The forest is a well-stocked larder filled with wild plants, berries and mushrooms – all of which add extra flavor to the meals you cook outdoors. You can forage for wild plants, mushrooms and berries but make sure none of them are protected. Find out which species are protected on naturvå – the Swedish Environmental Protection Agency’s website.

What can I take?

You can pick wild berries, flowers and mushrooms, and you can collect fallen branches and dry twigs that are on the ground. Some plants and mushrooms are protected and must not be picked.

What can’t I take?

You can’t take branches, twigs, bark, leaves, acorns, nuts or gum/sap from living trees and bushes.


Hazelnuts and other nuts are not included in the Right of Public Access like berries and mushrooms are, so they should not be picked.


You may pick most mushrooms but not truffles or protected species. Please be aware that there are many poisonous mushroom species in Sweden so make sure you can identify anything you find.

Remember to:
  • Never pick protected plants and mushrooms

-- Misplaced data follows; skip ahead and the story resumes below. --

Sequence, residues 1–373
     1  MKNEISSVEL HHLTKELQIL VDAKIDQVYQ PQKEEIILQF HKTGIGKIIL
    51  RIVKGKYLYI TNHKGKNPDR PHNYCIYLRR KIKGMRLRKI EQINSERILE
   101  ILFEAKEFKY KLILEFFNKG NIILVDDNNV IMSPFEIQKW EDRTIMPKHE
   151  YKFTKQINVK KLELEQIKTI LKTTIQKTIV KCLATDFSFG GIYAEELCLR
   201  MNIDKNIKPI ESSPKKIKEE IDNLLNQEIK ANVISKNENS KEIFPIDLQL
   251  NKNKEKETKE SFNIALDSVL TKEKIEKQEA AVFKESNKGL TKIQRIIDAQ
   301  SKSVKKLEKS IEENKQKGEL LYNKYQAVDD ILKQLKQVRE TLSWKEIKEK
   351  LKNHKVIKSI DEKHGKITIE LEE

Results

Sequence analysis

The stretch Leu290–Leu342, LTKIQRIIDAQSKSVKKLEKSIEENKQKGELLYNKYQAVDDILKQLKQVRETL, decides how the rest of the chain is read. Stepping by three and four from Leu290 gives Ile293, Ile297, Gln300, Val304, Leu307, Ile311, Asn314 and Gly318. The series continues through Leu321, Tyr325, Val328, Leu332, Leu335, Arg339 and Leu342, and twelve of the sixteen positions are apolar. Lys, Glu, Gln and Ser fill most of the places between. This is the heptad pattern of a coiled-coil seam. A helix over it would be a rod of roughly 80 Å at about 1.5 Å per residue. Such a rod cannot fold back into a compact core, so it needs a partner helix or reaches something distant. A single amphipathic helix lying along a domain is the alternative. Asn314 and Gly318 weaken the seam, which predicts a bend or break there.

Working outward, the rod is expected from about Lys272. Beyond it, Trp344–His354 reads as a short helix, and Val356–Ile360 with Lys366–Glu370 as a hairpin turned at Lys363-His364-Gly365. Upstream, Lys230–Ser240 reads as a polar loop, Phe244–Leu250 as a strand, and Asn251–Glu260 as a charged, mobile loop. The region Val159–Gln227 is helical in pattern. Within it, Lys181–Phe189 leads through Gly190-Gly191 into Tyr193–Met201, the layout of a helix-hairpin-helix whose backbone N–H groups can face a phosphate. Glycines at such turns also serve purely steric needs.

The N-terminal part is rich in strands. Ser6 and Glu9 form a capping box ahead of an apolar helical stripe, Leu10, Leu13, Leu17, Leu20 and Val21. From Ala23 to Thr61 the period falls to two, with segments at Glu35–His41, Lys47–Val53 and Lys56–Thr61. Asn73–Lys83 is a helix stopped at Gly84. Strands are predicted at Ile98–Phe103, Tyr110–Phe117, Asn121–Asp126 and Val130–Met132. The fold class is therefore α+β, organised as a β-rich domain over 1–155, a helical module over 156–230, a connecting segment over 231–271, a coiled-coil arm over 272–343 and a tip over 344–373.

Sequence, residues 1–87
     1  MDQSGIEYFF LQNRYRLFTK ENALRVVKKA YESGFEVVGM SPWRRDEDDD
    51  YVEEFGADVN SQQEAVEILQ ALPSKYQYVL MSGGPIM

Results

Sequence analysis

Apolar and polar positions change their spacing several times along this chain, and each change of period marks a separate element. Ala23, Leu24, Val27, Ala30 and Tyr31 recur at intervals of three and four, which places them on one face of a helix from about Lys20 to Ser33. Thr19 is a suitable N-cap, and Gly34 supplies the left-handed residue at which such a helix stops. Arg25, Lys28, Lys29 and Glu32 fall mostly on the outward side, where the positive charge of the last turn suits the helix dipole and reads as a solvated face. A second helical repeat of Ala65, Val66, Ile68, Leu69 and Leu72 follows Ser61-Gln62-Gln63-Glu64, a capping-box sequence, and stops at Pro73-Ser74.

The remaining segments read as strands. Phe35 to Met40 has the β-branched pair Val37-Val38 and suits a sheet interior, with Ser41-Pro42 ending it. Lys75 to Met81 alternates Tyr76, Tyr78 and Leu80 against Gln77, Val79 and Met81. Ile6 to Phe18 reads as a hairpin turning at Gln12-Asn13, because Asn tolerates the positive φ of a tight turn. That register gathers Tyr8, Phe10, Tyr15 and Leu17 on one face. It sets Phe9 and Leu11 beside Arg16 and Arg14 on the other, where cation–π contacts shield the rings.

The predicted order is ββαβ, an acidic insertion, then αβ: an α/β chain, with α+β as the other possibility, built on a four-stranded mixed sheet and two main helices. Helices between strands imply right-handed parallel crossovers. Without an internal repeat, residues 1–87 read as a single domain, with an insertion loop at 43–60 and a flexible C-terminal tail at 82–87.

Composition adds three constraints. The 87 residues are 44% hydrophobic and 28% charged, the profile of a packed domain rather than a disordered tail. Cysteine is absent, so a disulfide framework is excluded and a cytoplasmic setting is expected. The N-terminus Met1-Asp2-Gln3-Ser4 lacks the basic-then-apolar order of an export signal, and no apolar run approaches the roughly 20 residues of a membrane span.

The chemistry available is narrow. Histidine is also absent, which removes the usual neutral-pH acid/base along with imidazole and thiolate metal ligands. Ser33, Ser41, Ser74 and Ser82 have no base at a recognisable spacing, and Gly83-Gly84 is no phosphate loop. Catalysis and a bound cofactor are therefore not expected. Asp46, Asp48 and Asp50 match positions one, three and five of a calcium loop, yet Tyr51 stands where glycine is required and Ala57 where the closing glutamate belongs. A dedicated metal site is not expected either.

• Never take anything from living trees and bushes, except for berries and fruit
  • Never take anything from cropland or private gardens.
  • Never take fallen trees or bushes home with you.

Skuleskogen National Park

Skuleskogen National Park is a unique place in the High Coast World Heritage Site. This is where you can find the remaining coastal forests in the region, beautiful red Nordingrå granite coastlines and forests in the transitional zones between the south and the north – these are all typical of the national park. Skuleskogen is here to be visited, experienced and enjoyed by everyone – both now and in the future. Therefore, it is important that you are aware of the specific rules and regulations that apply to all visitors to the national park.